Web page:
The U.S. Food and Drug Administration (FDA) is currently debating the decision to release genetically modified mosquitoes into the Florida Keys. The release of the mosquitoes would be in an effort to stop dengue fever and other dangerous diseases that are currently being spread by a particular species of mosquito called Aedes aegypti. If the FDA approves, the mosquitoes may be scheduled for a release as early as spring of 2015.
Florida Keys Mosquito Problem
The Florida Keys is one of the most susceptible areas of the United States to vector diseases like dengue fever, also called chikungunya. Mosquito populations are spreading vector diseases at high rates, and the Keys is particularly vulnerable due to its close proximity to the equator and the Caribbean where some of these diseases are more common.
Experts are worried that dangerous diseases have an increased likelihood of spreading when infected visitors come into the area. When carrying diseases like dengue fever, individuals can be infectious for up to several days. Each mosquito that bites these individuals will become infected, and then each person bitten by those mosquitoes afterward may contract the disease.
The Keys regularly sprays popular neighborhoods with pesticides to help control the mosquito population. But this particular species of mosquito has grown so accustomed to the pesticides that they have become resistant to most of them, making the pesticide treatment useless for controlling their populations.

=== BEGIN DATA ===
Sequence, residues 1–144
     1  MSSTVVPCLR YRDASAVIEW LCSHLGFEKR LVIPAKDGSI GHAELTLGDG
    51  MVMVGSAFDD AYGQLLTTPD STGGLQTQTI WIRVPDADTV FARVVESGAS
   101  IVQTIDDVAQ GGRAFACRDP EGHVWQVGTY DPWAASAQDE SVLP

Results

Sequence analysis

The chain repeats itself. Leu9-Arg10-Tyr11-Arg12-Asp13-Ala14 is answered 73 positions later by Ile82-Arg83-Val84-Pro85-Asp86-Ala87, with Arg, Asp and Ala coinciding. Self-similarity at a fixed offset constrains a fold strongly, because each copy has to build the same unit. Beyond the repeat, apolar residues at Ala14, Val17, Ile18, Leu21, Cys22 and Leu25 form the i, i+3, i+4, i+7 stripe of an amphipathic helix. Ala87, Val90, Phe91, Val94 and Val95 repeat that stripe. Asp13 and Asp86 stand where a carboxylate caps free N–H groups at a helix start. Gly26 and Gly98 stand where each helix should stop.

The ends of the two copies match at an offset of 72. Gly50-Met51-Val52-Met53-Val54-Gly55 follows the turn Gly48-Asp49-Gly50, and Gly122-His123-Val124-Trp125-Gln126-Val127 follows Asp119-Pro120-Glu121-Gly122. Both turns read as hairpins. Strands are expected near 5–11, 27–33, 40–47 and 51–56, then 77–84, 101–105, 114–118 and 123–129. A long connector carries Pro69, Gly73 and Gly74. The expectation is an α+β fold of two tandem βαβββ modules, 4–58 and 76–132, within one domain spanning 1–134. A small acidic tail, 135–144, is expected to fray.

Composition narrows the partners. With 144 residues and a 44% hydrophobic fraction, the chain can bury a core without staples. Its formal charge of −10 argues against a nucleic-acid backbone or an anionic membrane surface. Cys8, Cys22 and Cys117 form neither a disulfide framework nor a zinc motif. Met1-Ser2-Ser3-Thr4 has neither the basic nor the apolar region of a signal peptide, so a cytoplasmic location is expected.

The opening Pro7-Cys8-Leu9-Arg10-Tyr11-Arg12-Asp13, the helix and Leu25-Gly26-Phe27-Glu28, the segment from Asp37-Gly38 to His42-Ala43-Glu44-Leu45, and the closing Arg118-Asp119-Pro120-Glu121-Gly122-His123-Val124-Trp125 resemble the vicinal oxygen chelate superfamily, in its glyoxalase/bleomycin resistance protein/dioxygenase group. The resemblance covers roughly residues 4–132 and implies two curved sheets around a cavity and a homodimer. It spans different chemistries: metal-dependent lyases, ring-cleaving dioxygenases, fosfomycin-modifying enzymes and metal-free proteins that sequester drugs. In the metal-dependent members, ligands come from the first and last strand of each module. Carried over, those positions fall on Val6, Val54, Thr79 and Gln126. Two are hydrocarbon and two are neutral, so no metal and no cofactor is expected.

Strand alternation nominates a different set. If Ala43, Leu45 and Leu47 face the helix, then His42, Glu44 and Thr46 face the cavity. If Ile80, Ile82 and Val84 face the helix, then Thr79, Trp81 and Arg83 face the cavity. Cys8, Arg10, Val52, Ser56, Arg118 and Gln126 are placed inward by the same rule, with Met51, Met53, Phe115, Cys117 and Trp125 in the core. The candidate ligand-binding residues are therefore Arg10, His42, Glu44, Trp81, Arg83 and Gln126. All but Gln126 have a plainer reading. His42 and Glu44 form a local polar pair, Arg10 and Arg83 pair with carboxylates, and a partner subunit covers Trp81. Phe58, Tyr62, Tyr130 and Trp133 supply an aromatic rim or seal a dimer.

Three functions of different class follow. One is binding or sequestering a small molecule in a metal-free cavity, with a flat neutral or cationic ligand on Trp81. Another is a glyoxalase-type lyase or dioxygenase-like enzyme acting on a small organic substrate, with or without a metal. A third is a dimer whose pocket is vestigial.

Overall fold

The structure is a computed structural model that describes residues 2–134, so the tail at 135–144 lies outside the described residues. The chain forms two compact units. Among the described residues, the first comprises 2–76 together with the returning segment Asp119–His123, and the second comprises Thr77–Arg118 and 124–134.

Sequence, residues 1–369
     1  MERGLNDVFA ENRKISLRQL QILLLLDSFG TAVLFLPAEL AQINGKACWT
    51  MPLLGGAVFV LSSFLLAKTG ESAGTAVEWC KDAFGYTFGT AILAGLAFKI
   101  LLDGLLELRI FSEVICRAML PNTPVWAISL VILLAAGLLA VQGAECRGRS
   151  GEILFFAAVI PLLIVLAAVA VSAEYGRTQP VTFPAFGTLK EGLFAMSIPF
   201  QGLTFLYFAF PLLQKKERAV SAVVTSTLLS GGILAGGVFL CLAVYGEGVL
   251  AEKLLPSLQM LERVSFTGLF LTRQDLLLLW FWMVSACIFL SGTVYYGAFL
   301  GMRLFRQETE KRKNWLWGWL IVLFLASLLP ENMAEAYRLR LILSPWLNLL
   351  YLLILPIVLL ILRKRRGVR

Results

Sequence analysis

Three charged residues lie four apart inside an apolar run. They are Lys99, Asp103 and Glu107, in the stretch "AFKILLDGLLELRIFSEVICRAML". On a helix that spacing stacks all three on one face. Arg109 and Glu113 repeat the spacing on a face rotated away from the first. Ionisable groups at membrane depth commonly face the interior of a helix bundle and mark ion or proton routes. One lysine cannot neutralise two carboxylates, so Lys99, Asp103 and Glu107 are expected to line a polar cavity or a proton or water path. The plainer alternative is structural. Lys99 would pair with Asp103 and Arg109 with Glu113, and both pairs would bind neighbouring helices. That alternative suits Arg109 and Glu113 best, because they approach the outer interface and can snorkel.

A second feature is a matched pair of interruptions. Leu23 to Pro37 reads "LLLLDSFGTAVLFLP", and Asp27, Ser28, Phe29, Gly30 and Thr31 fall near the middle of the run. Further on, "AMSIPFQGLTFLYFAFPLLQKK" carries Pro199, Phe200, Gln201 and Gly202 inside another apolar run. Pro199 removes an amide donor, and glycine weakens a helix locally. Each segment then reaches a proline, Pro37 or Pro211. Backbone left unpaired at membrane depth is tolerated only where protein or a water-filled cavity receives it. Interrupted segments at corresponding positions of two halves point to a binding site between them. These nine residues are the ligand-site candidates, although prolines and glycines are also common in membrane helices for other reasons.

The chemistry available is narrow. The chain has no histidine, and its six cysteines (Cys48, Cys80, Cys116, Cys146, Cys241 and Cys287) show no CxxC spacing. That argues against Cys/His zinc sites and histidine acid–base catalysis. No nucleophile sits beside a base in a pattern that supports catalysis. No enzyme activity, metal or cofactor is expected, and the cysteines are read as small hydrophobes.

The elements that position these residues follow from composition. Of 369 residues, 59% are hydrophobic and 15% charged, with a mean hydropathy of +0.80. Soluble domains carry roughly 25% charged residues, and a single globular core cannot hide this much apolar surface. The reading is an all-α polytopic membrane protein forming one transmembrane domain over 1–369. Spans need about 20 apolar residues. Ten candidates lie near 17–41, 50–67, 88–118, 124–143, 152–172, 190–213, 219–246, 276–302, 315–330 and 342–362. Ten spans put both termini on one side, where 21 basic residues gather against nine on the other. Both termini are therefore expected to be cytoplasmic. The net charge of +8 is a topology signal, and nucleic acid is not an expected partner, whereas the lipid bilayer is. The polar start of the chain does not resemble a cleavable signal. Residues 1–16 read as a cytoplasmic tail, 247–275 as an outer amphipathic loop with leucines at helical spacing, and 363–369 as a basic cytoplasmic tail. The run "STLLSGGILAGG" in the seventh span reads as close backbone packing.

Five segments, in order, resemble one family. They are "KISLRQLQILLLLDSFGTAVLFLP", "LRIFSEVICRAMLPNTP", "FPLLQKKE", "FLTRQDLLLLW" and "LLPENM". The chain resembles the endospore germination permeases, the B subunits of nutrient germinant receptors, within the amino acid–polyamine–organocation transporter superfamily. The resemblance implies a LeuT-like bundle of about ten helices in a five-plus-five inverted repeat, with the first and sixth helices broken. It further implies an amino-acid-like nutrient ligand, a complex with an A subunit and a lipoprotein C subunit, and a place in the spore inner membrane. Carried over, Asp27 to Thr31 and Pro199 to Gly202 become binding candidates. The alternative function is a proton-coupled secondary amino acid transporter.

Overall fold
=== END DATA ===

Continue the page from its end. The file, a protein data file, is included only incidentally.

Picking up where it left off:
Oxitec’s GM Mosquito
A British company called Oxitec was launched by researchers at Oxford University. More than a decade ago, Oxitec patented a method which they use to breed Aedes aegypti. This method is only applied to male mosquitoes, as female mosquitoes are the only ones who bites humans to feed for blood. These modified male mosquitoes breed with females, who pass the male’s genes into their eggs.
The genetic modification is effective because the mosquitoes that are born will die before they reach adulthood. Similar experiments have already been conducted in countries like Brazil, Malaysia, and the Cayman islands. They have shown to reduce the Aedes aegypti population by up to ninety percent.
The Debate Continues
As the Florida Keys awaits FDA approval, the issue has sparked controversy. While all testing so far has indicated that the experiment is safe, many are wary of the unforeseen affects that this experiment could have on the fragile ecosystem of the Florida Keys. Many demand that more research needs to be done to ensure that the release is a safe idea.